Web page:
Last week we began to cover “stealth prepper gardening” by planting fruit and nut trees. I call it “stealth,” because for a lot of busybodies, a few new trees in a front and back yard isn’t the sign of a whack-job survivalist. No, it’s an expression of love and reverence for Gaia, or some such twaddle. And most people won’t know the difference between a young pear tree and a shoe tree anyway.
But because my email tells me a lot of folks don’t really read my columns before telling me what’s wrong with them, here’s an important reminder: I am in no way suggesting a diet of fruits and nuts alone will provide you with all the nutrients you’ll need to sustain your mortal coil. At least, not directly. But I’ve made plenty of trades in my life – of pears for pork and strawberries for steaks. Where I live, there are a lot of people raising meat but not a whole lot harvesting peaches. A pound-for-pound swap of protein for produce is fairly common. So maybe you’ve decided to go “Johnny Appleseed” after all.
(By the way, here’s an interesting side-note concerning the beloved historical character of Johnny (John Chapman) Appleseed. John Chapman, unlike the happy-go-lucky and free-handed character created primarily by Disney, was actually a pretty shrewd man of business. Yes, he roamed the eastern United States, often barefoot with a tin pot on his head for a hat. But rather than just planting apples hither and thither, he usually located prime ground, bought it, set up a nursery and hired a manager to run the place before moving on. At the time of his death in 1845, he left an estate of 1200 acres of prime land to his sister. Also Johnny, for religious reasons, didn’t approve of grafting cultivars to root stock (the almost universal way of consistently growing apples suitable for consumption), so while most of his apples were pretty much inedible, they were absolutely perfect for making hard cider. And thus the west was won.)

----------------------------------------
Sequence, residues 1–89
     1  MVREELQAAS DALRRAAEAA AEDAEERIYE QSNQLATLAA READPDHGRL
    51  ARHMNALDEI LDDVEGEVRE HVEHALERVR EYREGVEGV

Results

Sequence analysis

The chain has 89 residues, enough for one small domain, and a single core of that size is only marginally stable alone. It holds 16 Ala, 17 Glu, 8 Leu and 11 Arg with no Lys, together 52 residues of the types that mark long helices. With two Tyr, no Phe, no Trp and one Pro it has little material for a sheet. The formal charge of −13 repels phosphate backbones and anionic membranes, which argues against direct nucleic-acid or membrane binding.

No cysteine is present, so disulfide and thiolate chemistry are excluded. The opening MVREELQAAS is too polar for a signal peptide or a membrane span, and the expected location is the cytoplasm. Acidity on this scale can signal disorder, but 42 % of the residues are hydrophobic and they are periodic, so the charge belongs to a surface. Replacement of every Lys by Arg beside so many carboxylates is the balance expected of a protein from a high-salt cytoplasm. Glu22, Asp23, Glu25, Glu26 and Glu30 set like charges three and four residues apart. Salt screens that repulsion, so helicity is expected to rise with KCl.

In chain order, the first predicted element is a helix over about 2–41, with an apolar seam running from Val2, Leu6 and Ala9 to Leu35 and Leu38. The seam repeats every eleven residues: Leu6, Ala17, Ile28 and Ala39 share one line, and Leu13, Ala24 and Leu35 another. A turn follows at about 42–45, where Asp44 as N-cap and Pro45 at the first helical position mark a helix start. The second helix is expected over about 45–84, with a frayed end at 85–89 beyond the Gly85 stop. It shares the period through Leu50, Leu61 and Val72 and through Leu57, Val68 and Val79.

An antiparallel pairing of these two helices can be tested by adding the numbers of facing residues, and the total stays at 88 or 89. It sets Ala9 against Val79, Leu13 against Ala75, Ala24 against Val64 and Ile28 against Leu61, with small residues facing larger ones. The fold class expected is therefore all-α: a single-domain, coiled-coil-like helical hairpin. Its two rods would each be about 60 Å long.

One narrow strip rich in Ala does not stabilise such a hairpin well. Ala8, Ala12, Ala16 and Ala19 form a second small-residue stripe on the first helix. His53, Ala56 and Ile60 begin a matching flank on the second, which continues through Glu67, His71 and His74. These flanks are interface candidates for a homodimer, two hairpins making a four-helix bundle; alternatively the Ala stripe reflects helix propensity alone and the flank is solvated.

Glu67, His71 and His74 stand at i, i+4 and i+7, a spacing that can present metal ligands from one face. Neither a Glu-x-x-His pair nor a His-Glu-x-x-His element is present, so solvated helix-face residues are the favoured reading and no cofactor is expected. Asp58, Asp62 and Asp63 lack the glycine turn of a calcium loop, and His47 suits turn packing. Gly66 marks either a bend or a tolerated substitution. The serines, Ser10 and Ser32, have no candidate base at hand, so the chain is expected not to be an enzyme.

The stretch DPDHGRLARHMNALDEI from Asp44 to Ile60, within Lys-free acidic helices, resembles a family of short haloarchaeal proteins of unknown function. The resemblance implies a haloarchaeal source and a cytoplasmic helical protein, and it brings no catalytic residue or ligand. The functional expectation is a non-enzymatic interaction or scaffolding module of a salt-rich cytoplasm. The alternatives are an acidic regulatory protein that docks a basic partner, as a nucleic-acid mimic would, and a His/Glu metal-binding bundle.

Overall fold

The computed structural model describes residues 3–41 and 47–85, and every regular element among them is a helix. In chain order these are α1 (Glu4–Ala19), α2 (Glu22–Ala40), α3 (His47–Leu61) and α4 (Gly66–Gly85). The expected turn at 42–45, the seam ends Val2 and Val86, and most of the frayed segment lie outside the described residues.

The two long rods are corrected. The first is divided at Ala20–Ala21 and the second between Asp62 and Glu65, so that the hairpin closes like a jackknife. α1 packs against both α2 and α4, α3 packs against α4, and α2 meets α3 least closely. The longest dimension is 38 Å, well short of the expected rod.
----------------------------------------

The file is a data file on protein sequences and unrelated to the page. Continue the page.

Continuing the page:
But enough about that. Let’s get back to fruit tree planting. Obviously there are a lot of varieties available when considering which types of fruits or nuts you’d like to grow; but just like every other garden-producing plant, only certain varieties can grow in certain places. You won’t have any luck with lemon trees in North Dakota and apples don’t grow well in Florida. So the first thing you need to determine is what types of trees grow in your location, and the best way to do that is to head over to a local tree nursery and ask them.
Is prepping the right thing for to do for Christians? Or should we just be trusting in the Lord? Learn about that balance in “Be Thou Prepared” by Carl Gallups – “Equipping the Church for Persecution and Times of Trouble.”
This doesn’t mean you should necessarily buy your trees there (although supporting local businesses is good for community-building). After you’ve gotten the nursery’s advice, get online and hit up some of the e-stores. Not only will they likely have more variety, but sites like Stark Bros often have voluminous how-to sections with planting advice that can really help you out.
Obviously, I can’t provide too much detail on fruit and nut tree production in this limited space. If you really want to bone up before you go to digging, I’d recommend taking a look at “The Fruit Gardener’s Bible .”